Historic Sites of Manitoba: Maycock Block / Canadian Bank of Commerce Building (586 Main Street, Winnipeg)
This three-storey brick building at the northwest corner of Main Street and Alexander Avenue in Winnipeg, measuring 45.5 feet by 70 feet, was designed by local architect James Chisholm and built in 1885 as mixed retail and office space for merchants Edward and Annie E. Maycock, although it appears they never occupied it themselves. Instead early occupants of the building included jeweller Donald Ross Dingwall and the Young Men’s Christian Association (YMCA).
In 1902, renovations to space on the upper floors were designed by local architect Samuel Frank Peters and built by contractor T. Ritchie to convert the upper floors into residential apartments at a cost of about $2,000.
In 1906, alterations were done to the main floor retail space designed by architectural firm Darling, Pearson and Over and built by the Claydon Brothers Construction Company at a cost of about $3,500 to divide the space for jeweller Dingwall and for a newly opened branch of the the Canadian Bank of Commerce.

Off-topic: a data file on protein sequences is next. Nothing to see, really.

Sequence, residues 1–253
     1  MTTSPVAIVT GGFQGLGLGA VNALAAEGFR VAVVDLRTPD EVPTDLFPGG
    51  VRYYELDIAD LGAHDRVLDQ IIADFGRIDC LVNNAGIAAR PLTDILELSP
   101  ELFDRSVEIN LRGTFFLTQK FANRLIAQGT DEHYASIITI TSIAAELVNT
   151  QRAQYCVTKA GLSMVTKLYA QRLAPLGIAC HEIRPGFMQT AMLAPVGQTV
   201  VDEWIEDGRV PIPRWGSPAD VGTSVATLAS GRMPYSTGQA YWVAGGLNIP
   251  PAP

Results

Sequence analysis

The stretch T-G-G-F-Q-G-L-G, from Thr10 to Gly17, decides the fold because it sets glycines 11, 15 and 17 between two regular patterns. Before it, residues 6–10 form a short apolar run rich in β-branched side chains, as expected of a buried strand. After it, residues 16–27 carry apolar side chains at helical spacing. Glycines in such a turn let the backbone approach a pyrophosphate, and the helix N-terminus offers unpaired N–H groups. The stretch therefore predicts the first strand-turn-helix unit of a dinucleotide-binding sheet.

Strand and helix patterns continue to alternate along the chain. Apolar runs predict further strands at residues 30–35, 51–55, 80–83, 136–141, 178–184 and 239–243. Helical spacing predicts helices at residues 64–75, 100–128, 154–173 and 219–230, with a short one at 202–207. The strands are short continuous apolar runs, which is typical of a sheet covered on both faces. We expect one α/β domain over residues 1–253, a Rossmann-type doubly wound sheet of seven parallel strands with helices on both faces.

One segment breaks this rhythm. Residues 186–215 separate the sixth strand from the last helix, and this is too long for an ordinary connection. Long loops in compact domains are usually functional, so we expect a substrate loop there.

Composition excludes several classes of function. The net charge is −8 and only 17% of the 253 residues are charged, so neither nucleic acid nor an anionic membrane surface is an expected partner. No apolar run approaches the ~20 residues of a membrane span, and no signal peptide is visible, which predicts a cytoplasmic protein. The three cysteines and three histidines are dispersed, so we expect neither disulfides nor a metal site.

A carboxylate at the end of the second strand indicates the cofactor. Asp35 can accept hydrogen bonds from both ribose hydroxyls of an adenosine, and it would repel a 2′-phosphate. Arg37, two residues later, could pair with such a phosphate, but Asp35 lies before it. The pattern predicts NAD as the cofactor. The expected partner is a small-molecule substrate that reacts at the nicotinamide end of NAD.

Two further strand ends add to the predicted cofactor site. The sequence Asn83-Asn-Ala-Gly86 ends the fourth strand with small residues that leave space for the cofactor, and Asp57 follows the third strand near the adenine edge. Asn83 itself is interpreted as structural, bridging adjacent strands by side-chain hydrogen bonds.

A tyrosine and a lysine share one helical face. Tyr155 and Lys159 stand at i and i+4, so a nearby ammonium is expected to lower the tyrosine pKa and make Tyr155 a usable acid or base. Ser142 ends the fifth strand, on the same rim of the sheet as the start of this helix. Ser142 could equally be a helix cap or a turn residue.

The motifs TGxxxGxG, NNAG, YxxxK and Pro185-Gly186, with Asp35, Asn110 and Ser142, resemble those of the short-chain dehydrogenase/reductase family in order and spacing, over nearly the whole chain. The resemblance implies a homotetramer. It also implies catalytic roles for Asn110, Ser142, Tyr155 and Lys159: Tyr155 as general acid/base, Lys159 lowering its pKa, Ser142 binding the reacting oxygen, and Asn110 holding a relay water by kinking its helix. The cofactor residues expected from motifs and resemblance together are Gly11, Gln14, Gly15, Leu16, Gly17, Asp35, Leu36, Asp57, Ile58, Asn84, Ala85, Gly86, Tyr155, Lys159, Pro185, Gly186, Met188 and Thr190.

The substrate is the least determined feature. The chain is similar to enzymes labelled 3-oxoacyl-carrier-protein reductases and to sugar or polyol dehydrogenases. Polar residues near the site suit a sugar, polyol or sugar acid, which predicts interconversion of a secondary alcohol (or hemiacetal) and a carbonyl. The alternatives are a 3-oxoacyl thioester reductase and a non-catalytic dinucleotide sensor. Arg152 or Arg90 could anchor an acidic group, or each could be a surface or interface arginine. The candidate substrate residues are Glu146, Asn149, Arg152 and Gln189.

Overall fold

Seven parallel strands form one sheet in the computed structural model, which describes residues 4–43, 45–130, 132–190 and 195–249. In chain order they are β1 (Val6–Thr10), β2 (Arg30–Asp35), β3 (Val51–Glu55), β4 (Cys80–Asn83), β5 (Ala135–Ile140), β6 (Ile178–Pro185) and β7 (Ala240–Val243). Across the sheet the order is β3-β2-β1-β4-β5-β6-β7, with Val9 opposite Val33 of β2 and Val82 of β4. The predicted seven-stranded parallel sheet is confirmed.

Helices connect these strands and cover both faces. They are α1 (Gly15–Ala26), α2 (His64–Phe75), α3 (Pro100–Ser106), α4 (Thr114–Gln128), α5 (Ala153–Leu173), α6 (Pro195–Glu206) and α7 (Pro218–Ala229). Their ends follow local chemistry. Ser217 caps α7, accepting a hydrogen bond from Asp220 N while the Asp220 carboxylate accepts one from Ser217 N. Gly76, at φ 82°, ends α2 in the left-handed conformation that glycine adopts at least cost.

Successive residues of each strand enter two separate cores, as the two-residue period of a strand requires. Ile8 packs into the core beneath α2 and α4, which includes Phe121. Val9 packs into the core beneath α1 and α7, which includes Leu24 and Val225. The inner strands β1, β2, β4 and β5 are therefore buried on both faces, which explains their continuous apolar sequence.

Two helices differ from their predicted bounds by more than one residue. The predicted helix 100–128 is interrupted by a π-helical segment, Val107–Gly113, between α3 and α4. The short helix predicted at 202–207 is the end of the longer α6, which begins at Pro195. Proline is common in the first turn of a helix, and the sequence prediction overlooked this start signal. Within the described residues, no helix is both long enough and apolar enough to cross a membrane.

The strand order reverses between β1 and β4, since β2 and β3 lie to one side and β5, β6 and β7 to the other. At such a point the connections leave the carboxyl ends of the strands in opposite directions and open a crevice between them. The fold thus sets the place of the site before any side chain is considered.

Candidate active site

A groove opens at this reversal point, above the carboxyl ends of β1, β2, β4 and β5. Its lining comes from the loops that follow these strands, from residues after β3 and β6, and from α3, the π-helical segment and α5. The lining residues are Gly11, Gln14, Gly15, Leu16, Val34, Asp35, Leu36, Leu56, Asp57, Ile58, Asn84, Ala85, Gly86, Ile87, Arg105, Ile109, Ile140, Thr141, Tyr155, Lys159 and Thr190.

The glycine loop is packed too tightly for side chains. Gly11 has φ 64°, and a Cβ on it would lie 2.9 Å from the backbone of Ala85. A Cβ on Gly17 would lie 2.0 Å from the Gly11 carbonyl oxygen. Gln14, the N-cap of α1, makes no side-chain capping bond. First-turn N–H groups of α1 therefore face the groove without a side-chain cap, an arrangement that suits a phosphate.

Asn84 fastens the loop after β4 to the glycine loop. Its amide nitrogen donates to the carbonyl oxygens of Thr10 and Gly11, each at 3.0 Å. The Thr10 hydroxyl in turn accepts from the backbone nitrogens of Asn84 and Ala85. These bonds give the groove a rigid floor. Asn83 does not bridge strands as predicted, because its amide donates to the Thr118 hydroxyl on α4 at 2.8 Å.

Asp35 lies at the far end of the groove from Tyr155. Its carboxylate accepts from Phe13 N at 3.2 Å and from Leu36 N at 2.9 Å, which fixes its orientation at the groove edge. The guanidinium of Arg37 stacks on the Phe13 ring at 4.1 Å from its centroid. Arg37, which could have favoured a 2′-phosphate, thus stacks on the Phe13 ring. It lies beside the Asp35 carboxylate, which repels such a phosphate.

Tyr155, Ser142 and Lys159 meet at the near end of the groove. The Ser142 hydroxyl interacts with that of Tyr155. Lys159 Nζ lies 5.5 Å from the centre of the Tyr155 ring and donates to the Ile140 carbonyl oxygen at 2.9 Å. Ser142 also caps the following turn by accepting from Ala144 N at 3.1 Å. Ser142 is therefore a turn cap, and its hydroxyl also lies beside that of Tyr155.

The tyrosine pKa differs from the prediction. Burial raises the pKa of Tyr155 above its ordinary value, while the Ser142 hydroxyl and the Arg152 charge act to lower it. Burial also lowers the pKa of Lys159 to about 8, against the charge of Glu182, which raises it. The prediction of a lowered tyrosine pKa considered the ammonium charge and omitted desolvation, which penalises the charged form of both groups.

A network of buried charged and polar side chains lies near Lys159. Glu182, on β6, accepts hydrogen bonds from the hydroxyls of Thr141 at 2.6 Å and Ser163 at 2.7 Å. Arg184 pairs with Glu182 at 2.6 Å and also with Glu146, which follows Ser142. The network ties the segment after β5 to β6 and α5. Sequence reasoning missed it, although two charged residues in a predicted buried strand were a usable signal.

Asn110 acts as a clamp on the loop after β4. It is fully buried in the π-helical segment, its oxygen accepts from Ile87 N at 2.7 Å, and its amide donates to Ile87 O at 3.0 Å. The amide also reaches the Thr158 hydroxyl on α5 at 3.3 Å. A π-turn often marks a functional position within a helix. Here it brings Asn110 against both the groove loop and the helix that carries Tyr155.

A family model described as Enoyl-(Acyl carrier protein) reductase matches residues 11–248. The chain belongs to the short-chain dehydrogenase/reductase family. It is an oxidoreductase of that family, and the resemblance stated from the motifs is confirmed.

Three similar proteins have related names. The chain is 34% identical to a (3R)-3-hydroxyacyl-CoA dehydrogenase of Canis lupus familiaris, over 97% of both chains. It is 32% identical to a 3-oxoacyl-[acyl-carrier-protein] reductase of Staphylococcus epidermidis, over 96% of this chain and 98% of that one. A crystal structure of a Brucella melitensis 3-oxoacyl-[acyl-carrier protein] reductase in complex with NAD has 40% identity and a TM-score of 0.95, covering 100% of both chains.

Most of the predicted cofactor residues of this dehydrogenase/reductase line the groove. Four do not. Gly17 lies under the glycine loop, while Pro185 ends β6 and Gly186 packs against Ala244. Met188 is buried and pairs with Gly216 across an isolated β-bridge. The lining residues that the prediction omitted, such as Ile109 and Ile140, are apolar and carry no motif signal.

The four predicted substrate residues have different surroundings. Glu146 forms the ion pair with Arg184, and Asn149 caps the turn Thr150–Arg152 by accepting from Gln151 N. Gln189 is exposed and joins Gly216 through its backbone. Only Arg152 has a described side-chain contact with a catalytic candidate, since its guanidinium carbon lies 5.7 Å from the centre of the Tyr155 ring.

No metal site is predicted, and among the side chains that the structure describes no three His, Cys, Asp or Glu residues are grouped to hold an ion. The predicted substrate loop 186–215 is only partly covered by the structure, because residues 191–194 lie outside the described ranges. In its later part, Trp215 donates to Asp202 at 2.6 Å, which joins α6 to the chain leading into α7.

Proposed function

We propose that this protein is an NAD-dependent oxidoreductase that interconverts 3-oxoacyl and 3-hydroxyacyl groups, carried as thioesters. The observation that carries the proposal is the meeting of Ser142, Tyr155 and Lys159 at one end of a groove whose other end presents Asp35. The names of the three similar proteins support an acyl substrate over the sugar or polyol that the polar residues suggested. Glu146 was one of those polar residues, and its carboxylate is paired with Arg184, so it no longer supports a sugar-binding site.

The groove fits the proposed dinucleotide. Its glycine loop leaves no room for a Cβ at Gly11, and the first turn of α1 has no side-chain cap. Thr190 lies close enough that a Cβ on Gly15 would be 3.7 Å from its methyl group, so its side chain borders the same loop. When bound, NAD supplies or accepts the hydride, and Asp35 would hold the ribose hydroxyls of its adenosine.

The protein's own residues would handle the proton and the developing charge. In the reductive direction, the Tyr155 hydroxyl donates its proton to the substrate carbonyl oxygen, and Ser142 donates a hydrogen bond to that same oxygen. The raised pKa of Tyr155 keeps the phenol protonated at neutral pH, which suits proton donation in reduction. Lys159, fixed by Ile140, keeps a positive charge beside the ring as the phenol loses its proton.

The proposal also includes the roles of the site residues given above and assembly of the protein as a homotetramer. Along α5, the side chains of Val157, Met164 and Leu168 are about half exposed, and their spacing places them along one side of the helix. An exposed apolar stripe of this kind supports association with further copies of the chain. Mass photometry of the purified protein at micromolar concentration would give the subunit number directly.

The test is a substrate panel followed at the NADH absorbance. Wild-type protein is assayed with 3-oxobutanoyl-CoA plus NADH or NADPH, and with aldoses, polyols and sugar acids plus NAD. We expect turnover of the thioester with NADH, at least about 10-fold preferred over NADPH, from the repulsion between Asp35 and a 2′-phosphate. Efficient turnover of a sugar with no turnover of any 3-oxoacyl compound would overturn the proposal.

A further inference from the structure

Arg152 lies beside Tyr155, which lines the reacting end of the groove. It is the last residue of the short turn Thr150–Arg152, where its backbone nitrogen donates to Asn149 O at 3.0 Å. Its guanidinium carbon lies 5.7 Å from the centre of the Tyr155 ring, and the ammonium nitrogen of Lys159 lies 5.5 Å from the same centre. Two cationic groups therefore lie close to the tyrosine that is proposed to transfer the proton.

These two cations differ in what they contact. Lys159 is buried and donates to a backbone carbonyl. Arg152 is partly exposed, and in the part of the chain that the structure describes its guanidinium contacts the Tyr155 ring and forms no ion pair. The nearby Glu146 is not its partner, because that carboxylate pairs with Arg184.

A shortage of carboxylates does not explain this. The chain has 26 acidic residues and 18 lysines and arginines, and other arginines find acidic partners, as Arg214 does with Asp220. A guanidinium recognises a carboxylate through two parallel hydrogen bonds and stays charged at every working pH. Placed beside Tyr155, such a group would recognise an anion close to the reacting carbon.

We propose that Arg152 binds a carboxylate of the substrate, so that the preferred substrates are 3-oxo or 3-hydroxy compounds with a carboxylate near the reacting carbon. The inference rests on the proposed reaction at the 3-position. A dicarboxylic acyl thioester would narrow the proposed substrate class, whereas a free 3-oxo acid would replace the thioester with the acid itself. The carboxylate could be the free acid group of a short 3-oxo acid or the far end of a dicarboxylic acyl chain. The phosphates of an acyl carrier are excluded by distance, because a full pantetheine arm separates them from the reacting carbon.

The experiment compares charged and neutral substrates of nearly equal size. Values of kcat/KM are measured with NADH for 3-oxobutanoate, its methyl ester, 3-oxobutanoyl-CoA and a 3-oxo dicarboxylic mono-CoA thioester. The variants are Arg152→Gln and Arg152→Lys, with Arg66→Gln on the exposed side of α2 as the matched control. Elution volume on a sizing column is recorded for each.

In 1913, the Canadian Bank of Commerce, which now owned the building, hired architect Victor Daniel Horsburgh to convert the whole main floor to serve as a bank branch. The work was done by the construction firm of Fraser and MacDonald at a cost of about $12,000 and the building's name was changed. The bank occupied the building until the late 1970s.
City of Winnipeg Building Permit 842/1902, City of Winnipeg Archives.
City of Winnipeg Building Permit 460/1906, City of Winnipeg Archives.
City of Winnipeg Building Permit 3408/1913, City of Winnipeg Archives.
Henderson’s Winnipeg and Brandon Directories, Peel’s Prairie Provinces, University of Alberta Libraries.
Maycock Block, City of Winnipeg Historical Buildings Committee, 2004.
Preparation of this page was supported, in part, by the Gail Parvin Hammerquist Fund of the City of Winnipeg.
Page revised: 12 November 2022